Lincoln Elementary is truly a family affair — not just in community spirit, but DNA.
The school has a uniquely high number of parents who work in the school in different capacities, from para-educators to cafeteria employees.
“They are really invested in their children’s education,” said Lincoln Elementary School Principal Maureen Oman.
Hiring parents — an effort that took off 4-5 years ago, Oman said — started with an English class that started more than a decade ago at the school. Yesica Guzman, a bilingual para-educator at the school, has been involved in the effort before its beginnings.
“I would have never thought 11 years ago when I volunteered to do English classes that this would make Lincoln School what it is today,” Guzman said.
“We needed to open the communication between the school and the parents,” she said. “That was the whole idea. Now a lot of us — including me — are working here.”
Like the school’s student body, parent-employees come from a variety of backgrounds; some aren’t native English speakers. These parents learn enough English to work as para-educators.
Oman said having bilingual educators has done wonders for the school. “I think it alleviates some of the barriers,” she said.
From helping with handwriting skills to helping little hands crack open milk cartons, the parents actively are involved in not only their own children’s education, but other children at the school.
Para-educator Maria Corona said that is what she has experienced in her four years at Lincoln Elementary.
“I love my job because I really think that I can make a difference on students, by giving them that extra help or that extra time one-on-one. Also I feel loved by the kids,” Corona said. “They make me laugh and they make my day when I need a few more hugs during the day. I believe that kids feel loved, too.”
Graciela Alegria is a pre-K para who counts herself among the family educators. Alegria has been at Lincoln Elementary since 2017.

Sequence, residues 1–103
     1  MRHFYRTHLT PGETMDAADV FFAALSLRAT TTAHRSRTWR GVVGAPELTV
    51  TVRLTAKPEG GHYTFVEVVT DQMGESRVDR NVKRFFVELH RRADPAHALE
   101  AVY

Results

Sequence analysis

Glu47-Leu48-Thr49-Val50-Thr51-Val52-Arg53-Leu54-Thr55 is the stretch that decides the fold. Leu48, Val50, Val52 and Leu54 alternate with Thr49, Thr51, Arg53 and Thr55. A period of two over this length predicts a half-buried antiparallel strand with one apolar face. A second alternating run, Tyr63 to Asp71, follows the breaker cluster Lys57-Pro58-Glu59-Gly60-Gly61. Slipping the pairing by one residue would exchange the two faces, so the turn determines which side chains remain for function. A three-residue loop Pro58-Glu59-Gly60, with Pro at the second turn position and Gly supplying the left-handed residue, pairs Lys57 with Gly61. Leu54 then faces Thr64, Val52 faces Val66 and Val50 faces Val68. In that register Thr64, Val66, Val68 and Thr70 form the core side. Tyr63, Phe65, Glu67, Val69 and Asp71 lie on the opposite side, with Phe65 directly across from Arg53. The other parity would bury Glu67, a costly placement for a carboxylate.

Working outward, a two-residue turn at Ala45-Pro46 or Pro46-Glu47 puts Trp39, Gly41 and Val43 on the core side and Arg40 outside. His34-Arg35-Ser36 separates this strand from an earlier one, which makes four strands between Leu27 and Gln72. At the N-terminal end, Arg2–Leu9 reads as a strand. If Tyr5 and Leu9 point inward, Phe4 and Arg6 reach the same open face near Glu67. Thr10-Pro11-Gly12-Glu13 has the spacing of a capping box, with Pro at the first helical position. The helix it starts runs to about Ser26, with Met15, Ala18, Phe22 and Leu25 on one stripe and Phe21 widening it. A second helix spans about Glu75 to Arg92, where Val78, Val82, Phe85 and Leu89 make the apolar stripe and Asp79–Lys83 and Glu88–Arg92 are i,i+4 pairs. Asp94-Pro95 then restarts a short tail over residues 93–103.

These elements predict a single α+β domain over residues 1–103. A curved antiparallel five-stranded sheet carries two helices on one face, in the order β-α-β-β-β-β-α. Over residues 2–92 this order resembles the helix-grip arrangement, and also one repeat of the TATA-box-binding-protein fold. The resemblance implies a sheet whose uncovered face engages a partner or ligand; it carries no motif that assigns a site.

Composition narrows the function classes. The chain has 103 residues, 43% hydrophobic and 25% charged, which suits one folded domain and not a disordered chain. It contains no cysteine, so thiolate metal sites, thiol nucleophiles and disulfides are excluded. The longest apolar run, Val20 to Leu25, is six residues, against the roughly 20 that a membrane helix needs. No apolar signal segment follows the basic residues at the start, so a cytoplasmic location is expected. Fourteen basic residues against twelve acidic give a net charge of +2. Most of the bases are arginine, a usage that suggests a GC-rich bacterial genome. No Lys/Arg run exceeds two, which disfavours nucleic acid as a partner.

“Being here with the preschool is great,” she said. “I like to see former students grow and see how much they’ve changed and accomplished throughout the years.”
Leticia Reyes, also an para-educator, has been with Lincoln Elementary for four years. Her intentions at the beginning weren’t necessarily to work at the school, but said when the chance came up it was the right decision.
“I started out as part of a group of mothers who attended English classes in this school,” Reyes said. “One day I was given an opportunity to work here and be part of this wonderful family. For me this school not only has given me a job but an opportunity to see the extraordinary job that this school has done for my children.”
Bilingual para-educator Lety Acosta also called working at Lincoln Elementary an opportunity.
“It is very gratifying to see that you contribute to their learning in a positive way and to feel the love that they show you,” Acosta said. “Lincoln School has done so many things for me and my family and we feel blessed to belong to it.”
Debbi Hopkins, a cook at Lincoln Elementary, has a past with the school stretching beyond her 24 years of employment at Lincoln.
“Lincoln Elementary has always been a part of my family,” Hopkins explained. “My father-in-law, husband, all of my children and two grandchildren attended this school.”
Corona said her family has been touched by Lincoln Elementary well beyond the classrooms, thanks to the parent-hiring efforts.
“This job has given me the opportunity to spend more time with my daughters because when they are out of school I am off work, too,” Corona said. “That way I don’t worry about day care and at the same time it allows me to bring an income to my home.”
Acosta said her family has had an experience not unlike Corona’s.
“(The school offers) us programs of different types such as English classes, family fun events, support issues for our children,” Acosta said. “They seek resources from the school, they keep the mother group active which has contributed to forming friendship ties in the neighborhood and make us feel the best we can be.”
That’s exactly the point, Guzman said.
“It helps open the communication between the families and the school,” Guzman said.
The bonus? Helping kids, whether connected to employees through DNA or solely the heart, be their best selves. Guzman said,
“It’s just nice to see them grow — first grade, second grade ...”
The students are watching the parents, too, Oman said.
“Our kids see them as role models and parents; they feel safe,” she said. “This is our school home.”
Jessica Votipka is the education reporter at the Grand Island Independent. She can be reached at 308-381-5420.